Obama says the war in Afghanistan is winding down because the US and its allies are succeeding in their war aims. Here’s the reality from the increasing number of US soldiers suffering life-changing injuries — losing, arms, legs, eyes — in a war that is only being waged to save the faces of politicians and generals who refuse to admit that it is lost.

From the BBC:

1 November 2012 Last updated at 09:42 GM

Soldier’s death in Afghanistan through the eyes of his mother

By Caroline Wyatt, Defence correspondent, BBC News

It is a mother’s story that is deeply moving but often painful to read, emerging from the deep wounds of the loss of an only son.

Or as Margaret Evison puts it in her opening chapter: “This is the story of a journey… through the love one has for others, the intensities of care and compassion we feel for each other and the structures we humans have built to protect ourselves from those great heights and depths. I understand more completely now: when there is love, there will also be pain and suffering.”

So far 437 British troops have now died in the war in Afghanistan. One of them was 26-year-old Lt Mark Evison, killed by a Taliban bullet as he led his men in Helmand in May 2009.

Mark survived long enough to be brought back to the UK, where he died of his wounds. His mother, father and sister were at his bedside.

Families’ anger

Three years on, Margaret’s book – Death of a Soldier, a mother’s story – is being published on Thursday.

It focuses on her experience of losing her only son, and her subsequent battles with the Ministry of Defence to find out more about the circumstances surrounding his death. The clinical psychologist began writing as she fought to come to terms with his death.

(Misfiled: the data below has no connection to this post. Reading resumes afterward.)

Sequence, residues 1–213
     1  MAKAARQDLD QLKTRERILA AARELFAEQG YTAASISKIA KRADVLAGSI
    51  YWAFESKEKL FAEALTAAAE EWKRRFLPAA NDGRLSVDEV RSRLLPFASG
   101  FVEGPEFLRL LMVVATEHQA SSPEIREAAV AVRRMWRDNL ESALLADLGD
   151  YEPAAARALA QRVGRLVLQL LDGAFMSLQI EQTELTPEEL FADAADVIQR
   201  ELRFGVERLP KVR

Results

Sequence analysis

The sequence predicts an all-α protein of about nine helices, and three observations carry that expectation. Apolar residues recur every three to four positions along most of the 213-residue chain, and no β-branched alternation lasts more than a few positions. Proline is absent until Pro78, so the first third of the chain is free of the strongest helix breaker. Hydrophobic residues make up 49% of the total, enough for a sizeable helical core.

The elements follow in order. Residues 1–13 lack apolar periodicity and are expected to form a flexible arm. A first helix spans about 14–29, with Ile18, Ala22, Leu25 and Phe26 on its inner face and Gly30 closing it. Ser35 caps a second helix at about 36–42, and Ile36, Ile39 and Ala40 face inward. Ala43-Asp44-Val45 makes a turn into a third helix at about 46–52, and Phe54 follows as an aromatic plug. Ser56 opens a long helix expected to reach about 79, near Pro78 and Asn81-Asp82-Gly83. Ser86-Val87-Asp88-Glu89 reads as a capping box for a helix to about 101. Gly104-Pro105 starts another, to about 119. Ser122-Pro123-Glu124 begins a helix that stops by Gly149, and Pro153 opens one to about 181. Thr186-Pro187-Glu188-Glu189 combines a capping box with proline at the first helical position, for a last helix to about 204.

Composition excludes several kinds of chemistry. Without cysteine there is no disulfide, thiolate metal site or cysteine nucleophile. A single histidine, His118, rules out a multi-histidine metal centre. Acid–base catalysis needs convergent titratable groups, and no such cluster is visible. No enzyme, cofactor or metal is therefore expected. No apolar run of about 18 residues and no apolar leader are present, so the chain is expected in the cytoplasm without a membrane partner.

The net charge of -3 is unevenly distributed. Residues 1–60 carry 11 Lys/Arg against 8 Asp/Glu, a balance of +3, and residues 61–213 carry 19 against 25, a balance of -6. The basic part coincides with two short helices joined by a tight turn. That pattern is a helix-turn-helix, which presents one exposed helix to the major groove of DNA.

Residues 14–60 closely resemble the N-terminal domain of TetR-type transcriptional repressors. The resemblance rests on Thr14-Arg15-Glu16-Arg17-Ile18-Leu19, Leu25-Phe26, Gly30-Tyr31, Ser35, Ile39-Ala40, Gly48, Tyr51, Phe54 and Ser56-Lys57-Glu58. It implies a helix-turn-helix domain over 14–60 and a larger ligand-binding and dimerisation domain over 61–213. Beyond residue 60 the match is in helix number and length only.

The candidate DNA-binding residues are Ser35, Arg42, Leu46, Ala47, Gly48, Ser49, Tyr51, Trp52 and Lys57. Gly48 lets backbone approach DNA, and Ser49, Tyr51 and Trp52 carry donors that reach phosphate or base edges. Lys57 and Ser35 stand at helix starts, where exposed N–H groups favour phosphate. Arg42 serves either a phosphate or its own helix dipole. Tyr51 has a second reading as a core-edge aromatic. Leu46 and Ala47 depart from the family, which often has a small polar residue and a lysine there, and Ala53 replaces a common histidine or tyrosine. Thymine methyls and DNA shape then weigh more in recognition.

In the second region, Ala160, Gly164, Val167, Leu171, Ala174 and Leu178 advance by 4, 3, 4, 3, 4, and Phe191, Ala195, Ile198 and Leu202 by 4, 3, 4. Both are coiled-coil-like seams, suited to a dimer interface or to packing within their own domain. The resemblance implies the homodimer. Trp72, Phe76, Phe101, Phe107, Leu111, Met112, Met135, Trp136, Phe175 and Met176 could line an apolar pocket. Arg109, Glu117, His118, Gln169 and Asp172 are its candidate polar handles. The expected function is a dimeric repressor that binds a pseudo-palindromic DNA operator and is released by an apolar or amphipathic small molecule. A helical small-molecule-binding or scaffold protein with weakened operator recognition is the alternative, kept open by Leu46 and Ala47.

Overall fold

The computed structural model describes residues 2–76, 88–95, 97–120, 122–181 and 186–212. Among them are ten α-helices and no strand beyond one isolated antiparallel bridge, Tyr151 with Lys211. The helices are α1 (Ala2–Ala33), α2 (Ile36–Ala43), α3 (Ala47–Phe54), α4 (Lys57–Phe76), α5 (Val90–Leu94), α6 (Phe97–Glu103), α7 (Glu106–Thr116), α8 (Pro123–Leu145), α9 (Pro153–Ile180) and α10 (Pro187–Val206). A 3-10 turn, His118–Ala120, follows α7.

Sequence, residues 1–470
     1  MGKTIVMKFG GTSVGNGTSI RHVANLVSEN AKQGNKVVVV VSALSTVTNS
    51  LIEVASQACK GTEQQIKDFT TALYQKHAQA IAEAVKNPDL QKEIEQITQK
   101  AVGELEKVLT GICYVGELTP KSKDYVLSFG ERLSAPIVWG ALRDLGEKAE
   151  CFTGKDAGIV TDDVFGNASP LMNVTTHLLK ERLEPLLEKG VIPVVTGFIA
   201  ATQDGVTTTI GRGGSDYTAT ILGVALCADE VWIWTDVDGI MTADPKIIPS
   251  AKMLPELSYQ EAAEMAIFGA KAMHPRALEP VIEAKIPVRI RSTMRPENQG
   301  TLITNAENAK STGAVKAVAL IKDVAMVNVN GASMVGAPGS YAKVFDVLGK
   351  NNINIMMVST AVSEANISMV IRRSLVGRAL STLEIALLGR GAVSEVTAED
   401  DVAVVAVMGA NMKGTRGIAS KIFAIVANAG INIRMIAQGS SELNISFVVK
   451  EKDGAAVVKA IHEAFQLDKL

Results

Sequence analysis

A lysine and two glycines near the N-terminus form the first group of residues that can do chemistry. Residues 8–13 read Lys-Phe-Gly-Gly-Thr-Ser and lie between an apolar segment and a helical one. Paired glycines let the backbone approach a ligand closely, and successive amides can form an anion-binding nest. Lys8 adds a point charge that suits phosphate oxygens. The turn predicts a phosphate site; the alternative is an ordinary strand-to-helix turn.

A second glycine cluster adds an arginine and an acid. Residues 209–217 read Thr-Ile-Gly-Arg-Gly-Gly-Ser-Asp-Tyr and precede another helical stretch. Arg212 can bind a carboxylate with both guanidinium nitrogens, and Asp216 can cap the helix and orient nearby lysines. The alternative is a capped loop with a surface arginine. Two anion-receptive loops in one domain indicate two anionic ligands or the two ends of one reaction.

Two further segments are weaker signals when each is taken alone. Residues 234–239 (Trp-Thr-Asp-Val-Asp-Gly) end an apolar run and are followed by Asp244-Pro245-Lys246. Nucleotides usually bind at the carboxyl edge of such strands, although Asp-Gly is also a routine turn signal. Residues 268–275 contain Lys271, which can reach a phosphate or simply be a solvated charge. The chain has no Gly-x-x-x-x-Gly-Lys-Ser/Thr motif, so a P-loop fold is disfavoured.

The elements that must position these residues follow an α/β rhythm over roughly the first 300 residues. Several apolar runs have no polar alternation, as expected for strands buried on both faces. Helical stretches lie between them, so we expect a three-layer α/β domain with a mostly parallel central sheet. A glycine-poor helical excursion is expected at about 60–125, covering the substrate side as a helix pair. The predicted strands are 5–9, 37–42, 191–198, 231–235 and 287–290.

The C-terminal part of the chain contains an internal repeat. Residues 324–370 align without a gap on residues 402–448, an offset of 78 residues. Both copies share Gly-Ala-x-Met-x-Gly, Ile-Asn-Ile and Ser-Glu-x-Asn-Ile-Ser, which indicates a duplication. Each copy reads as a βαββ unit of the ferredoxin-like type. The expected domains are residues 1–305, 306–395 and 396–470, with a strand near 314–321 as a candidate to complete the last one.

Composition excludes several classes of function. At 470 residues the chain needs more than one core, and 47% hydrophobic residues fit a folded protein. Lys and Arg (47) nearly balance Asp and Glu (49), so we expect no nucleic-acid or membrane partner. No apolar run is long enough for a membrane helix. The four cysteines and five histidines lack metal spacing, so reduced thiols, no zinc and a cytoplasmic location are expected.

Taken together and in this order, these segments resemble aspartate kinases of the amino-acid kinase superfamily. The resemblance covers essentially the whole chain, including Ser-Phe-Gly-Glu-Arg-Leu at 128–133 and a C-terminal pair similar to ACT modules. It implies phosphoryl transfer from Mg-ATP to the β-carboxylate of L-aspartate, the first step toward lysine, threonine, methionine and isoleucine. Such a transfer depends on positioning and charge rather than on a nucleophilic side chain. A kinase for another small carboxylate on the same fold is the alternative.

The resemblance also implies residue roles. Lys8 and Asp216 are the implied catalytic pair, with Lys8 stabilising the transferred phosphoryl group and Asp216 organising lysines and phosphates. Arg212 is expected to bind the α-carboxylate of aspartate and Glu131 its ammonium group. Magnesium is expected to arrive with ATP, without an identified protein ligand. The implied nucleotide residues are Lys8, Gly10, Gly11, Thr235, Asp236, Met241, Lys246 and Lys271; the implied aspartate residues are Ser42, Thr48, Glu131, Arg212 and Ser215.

Tributes to Afghan death soldier

“In the very beginning it was therapeutic,” she says. “I would write whenever I was very upset, and I would write with no particular aim other than making myself feel better. And months later, I showed it to a friend and he said I should think about publishing it.”

But the book is also driven by anger. Margaret wants the MoD to tell her why the medical evacuation helicopter that was sent to rescue Mark was delayed, as her son’s life gradually ebbed away.

“They still haven’t told me why. After Mark’s inquest, my lawyers wrote to the MoD and they wrote back and said they didn’t have to tell me as the inquest was now over.

“I think it’s quite disgraceful that so many families end up angry with the MoD over their son or daughter’s deaths. I wasn’t angry at all until the inquest – and then I was.”

The radios Mark’s unit were issued with had also stopped working just before he was shot, leaving Margaret with even more questions.